Written by: Bruce Arant
I'm a crazy sleeper (if what my wife says is actually true). Allegedly, I snore...but besides that, I've been known to hide from assassins (in our bedroom -- at 3:00 am) and one time, I nearly broke my foot while kicking at an attacking goose (in our bedroom -- at approximately the same hour of the night). Truth be told, I can vaguely remember moving a really heavy potted plant from the nightstand on her side of the bed, across to my side -- over the top of her sleeping head, whilst on my knees, barely keeping my balance and my grip. (What could've gone wrong?) So, with people like me in mind, let's take a brief look at something that's a growing trend in home design -- the inclusion of two master bedrooms on the floor plan.
Until recently, the concept of two master suites in a home was rare -- or at least, it was rarely suggested -- because of the stigma that was attached to the implication of couples not sharing the same bedroom. But the reality is, more and more homeowners are seeking out house plans that include two master bedrooms -- and for a number of good reasons.
Of course, there's always the aforementioned issue of snoring. His snoring. Her snoring. Or perhaps, mutual snoring, celebrated in nightly snore fests. In any case, listening to someone's snoring can destroy one's hopes for a good night's sleep (or, so I'm told) and separate master suites can provide the ultimate fix for that particular problem. (...a solution that is, by far, more socially acceptable than murder)
Beyond snoring, however, is the reality that as Baby Boomers age into their 60s and 70s, multi-generational households are becoming more and more common. Second master suites can provide a greater sense of personal space and independence for Boomers' aging parents, when retirement home options are not desired or feasible. Likewise, a second master offers a more comfortable space for homeowners' boomerang children who might "return to the nest" for any number of reasons.
Another motive for considering a second master might be the accommodation of a couple's differing and/or demanding work schedules. A spouse leaving early or coming home late due to work can cause major disruptions, and at some point, it is bound to cause friction in the relationship.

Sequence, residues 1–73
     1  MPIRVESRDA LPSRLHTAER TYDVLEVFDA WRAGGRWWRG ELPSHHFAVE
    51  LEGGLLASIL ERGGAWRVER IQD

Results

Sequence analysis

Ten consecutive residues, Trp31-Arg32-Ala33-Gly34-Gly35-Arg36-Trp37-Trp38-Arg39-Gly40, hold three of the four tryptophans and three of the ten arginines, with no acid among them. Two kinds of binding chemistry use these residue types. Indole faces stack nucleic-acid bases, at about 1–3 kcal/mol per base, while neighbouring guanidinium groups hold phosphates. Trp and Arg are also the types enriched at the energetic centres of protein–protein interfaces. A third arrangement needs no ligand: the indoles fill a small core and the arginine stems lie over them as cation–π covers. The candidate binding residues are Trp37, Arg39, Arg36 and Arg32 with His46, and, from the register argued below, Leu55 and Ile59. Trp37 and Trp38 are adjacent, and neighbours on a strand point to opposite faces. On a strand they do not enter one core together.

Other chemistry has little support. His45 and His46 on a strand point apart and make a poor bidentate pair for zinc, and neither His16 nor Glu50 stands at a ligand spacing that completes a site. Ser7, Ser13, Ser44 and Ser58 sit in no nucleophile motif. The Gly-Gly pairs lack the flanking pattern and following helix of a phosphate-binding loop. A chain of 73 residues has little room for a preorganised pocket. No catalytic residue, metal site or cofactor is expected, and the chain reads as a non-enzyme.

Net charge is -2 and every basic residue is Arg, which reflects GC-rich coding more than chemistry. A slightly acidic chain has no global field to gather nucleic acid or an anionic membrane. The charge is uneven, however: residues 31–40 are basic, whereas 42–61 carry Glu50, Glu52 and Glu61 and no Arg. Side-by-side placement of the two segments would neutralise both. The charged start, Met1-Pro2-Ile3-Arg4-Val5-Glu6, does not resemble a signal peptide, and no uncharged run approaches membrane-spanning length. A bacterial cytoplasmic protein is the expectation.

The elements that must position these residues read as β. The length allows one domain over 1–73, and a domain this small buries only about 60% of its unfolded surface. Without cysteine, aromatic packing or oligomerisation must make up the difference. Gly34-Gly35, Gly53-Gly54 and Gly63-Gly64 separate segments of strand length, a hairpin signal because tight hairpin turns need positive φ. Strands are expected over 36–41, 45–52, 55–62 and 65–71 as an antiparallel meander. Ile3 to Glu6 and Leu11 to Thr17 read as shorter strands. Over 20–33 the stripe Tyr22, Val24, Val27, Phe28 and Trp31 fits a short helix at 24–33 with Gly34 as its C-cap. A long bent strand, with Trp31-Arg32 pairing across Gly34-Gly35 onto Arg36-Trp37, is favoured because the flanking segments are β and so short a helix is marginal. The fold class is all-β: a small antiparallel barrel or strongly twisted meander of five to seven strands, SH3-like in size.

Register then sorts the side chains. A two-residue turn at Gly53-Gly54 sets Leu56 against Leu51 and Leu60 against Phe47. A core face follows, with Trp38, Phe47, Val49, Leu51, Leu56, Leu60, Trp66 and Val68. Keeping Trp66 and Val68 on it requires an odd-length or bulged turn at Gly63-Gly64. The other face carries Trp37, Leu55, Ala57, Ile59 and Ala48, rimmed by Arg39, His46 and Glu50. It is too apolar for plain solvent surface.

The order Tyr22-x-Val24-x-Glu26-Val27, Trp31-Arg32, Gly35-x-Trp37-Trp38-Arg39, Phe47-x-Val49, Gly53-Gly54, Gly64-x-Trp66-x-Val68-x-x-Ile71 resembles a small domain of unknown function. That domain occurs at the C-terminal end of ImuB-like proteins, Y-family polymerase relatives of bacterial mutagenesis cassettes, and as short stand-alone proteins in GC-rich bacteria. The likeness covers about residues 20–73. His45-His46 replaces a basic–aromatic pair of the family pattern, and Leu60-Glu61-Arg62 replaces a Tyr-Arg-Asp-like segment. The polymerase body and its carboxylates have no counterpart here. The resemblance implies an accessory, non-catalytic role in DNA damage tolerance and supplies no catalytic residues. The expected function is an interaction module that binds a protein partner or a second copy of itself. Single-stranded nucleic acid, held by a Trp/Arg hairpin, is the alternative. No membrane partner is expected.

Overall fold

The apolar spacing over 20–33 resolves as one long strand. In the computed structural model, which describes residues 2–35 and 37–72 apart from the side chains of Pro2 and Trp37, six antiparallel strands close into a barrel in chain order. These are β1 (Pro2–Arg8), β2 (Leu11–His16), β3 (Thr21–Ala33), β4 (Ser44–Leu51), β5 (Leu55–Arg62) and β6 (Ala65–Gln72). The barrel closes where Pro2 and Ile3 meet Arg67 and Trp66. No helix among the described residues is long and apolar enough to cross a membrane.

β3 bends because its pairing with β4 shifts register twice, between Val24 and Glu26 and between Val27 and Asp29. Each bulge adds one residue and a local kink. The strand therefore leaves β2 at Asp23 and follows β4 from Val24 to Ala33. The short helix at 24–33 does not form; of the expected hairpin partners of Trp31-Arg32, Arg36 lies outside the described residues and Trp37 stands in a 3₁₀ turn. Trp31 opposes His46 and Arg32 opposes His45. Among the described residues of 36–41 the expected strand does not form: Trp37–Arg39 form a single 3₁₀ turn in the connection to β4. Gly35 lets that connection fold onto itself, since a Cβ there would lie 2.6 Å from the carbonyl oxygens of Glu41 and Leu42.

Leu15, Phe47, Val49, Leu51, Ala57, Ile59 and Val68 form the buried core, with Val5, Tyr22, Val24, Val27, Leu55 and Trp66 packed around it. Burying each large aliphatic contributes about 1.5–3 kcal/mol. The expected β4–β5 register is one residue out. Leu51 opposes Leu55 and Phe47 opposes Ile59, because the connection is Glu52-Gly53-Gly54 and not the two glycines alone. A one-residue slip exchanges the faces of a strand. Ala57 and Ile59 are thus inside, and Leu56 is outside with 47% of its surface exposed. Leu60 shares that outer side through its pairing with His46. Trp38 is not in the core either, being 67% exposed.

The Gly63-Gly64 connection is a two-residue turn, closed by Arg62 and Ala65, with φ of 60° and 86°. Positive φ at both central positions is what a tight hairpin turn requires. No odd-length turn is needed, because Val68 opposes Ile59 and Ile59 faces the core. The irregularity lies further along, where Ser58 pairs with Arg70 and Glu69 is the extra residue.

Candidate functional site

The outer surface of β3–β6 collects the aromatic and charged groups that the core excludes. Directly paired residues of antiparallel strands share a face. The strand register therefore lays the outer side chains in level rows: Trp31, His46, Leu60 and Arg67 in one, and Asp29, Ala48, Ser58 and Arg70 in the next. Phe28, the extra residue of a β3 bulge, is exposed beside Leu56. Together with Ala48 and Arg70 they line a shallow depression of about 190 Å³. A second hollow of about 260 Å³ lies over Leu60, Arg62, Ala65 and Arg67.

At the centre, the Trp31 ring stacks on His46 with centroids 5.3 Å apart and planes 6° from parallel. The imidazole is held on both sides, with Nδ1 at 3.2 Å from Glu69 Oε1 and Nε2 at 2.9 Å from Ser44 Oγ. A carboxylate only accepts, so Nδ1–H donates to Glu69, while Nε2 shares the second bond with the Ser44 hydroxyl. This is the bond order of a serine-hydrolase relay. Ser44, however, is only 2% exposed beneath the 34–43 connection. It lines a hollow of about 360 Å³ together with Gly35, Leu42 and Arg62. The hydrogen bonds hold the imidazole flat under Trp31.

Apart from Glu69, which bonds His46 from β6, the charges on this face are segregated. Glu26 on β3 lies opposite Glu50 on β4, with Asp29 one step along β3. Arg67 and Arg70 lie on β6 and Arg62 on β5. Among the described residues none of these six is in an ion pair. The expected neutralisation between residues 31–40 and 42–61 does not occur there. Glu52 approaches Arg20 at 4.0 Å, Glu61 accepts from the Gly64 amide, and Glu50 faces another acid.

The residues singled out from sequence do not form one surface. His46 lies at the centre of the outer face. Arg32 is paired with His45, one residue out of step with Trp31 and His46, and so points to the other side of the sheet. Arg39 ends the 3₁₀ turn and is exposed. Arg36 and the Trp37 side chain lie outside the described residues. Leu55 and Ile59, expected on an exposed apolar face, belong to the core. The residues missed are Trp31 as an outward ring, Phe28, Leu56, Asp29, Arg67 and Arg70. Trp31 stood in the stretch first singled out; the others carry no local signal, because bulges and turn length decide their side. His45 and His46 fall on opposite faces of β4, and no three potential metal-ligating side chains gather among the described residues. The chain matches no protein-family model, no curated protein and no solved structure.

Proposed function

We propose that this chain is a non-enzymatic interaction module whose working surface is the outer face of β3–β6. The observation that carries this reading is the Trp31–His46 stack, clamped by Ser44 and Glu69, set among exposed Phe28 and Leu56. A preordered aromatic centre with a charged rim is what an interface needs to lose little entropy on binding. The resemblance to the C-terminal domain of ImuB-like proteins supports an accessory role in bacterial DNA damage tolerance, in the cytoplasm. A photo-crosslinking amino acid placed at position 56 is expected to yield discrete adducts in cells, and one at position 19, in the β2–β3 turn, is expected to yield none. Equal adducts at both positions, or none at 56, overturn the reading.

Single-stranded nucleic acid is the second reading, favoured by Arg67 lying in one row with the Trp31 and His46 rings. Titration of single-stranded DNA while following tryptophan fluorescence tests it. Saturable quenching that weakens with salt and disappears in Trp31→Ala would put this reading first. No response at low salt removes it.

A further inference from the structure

Additionally, some homeowners frequently host out-of-town visitors and may want to provide their temporary guests a real sense of home away from home -- a sleeping space that's more comfortable than "the spare bedroom."
Here at Advanced House Plans, we offer a number of existing designs that feature two master bedrooms. All of our house plans, however, can be customized to accommodate a second master in any number of ways, depending on the home's original design. For instance, you may desire two masters on the same level, or one on the main level and another upstairs, or on the lower level. Perhaps you're needing a second master that has its own entrance to the outside -- a feature that is especially appreciated by those seeking a sense of independence, such as an in-law or adult child.
Whatever the reasons for including a second master suite in a home, this design trend is here to stay, and it is likely to become more and more common as the population ages. The associated stigma of having a "broken marital relationship" is on its way out -- replaced instead by practical, realistic and intelligent design considerations.
As for me, I'm hoping my wife learns to sleep through my nightly assassin invasions, goose attacks and house plant relocations. (And I need to remember to remind her...murder is not a socially acceptable option.)